A new allele of the mouse hairless gene interferes with Hox/LacZ transgene regulation in hair follicle primordia

Maud Virginie Brancaz, Rabah Iratni, Alastair Morrison, Stéphane J.C. Mancini, Patrice Marche, John Sundberg, Stefan Nonchev

Research output: Contribution to journalArticlepeer-review

13 Citations (Scopus)

Abstract

A new autosomal recessive mouse mutation, causing loss of hair in homozygous mice 2-3 weeks after birth, arose spontaneously in a colony at the National Institute for Medical Research (NIMR), Mill Hill, London in early 1998. Complementation analysis confirmed that this mutation was an allele of the hairless gene (hr). The gene symbol hrrhbm (hairless-rhino-bald Mill Hill) was assigned to reflect the source of the colony. Here we show the molecular defect in these mutants, which is a substantial deletion at the 3′-end of the hairless gene. Morphological and immunological analysis of the new hairless mutation was performed at early postnatal stages. In an effort to address the molecular and cellular mechanisms of the hairless phenotype, we analysed developmental stages before the establishment of alopecia. Using a HoxLacZ reporter line of transgenic mice, epidermal placode formation was followed in embryos. Homozygous mutant embryos (hrrhbmh/hr rhbmh), containing the LacZ reporter under the control of a Hoxb4 gene enhancer, display sharp loss of LacZ staining in epidermal cells invaginating to form the embryonic hair follicle placode. In the light of targeted mutagenesis data involving a Hox gene in the hair development [Genes Dev. 12 (1) (1998) 11], we discuss the potential implication of the hr rhbmh locus in cascades of Hox gene regulation during embryogenesis.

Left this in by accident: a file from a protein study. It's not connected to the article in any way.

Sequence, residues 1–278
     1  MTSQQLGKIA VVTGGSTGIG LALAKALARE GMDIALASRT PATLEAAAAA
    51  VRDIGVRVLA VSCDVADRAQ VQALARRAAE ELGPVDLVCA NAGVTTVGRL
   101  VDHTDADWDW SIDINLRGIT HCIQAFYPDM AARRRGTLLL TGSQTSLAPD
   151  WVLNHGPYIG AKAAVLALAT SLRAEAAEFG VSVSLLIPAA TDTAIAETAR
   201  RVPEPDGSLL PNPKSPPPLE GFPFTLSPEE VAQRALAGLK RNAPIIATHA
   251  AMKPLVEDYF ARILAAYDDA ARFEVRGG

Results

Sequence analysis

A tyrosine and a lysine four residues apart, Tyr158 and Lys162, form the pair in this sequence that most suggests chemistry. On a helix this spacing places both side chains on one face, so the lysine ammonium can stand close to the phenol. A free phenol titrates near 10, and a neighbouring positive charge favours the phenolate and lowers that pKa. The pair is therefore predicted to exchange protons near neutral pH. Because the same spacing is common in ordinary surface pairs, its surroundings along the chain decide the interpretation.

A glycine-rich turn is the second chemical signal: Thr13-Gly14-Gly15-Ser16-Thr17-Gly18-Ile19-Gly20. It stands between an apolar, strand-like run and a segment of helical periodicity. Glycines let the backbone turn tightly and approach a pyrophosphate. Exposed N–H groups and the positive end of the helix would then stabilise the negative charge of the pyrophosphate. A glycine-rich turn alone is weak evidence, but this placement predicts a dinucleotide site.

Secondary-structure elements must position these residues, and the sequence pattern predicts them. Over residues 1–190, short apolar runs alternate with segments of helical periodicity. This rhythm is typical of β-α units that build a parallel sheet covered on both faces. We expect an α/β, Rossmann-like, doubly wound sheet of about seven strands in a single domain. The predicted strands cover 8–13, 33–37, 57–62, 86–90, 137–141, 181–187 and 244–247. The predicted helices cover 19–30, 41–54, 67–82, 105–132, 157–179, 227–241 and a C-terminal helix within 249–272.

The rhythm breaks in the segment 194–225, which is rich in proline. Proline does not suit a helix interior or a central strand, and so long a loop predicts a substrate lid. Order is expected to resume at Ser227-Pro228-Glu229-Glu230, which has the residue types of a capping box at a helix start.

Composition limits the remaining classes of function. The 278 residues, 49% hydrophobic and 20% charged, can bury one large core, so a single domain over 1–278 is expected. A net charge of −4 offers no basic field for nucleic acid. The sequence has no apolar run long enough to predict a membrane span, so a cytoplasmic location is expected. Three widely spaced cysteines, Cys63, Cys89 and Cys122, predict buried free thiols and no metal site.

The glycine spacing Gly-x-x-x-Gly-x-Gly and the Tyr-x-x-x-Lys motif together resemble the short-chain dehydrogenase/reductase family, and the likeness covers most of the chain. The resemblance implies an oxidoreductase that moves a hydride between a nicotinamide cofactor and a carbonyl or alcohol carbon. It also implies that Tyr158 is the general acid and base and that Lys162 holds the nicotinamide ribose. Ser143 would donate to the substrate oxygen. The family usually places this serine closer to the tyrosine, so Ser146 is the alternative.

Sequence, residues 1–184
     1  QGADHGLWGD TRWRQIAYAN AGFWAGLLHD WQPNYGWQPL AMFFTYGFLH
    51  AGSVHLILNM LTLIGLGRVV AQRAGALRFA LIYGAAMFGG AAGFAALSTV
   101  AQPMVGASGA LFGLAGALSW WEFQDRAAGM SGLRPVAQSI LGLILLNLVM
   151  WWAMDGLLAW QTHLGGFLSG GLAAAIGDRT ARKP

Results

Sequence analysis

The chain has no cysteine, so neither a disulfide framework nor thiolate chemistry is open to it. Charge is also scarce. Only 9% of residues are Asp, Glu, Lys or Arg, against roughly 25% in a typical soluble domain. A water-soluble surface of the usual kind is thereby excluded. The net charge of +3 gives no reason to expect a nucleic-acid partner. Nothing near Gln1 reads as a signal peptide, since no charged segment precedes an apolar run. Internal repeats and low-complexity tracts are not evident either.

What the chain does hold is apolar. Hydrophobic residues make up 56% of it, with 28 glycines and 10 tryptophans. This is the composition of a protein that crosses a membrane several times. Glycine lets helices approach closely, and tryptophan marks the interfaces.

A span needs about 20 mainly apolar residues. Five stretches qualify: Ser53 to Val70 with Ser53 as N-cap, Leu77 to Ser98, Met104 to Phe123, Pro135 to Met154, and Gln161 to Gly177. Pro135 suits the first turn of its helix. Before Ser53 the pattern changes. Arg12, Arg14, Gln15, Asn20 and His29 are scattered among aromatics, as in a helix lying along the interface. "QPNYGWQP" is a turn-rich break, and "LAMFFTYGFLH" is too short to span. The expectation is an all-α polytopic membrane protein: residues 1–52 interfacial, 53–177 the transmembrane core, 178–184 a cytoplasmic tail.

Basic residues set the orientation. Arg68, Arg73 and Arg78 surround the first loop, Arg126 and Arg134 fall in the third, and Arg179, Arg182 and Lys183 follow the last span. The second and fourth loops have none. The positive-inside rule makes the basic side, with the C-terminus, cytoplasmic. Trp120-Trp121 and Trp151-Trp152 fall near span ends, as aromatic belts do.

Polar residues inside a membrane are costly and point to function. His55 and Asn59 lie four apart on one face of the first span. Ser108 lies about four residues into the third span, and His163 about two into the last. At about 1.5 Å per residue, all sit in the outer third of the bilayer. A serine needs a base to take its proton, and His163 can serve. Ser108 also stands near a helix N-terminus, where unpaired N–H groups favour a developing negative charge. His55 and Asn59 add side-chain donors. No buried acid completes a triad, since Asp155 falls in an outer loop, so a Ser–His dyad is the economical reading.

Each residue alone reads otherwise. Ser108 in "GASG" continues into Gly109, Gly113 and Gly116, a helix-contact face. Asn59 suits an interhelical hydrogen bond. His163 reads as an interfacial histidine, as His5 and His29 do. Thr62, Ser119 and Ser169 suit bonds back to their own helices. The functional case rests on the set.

Original languageEnglish
Pages (from-to)173-181
Number of pages9
JournalExperimental and Molecular Pathology
Volume76
Issue number2
DOIs
Publication statusPublished - Apr 2004
Externally publishedYes

Keywords

  • Embryogenesis
  • Epidermis
  • Hair follicle
  • Hairless gene
  • Hairless mice
  • Hox gene regulation
  • Transgenic mice

ASJC Scopus subject areas

  • Pathology and Forensic Medicine
  • Molecular Biology
  • Clinical Biochemistry

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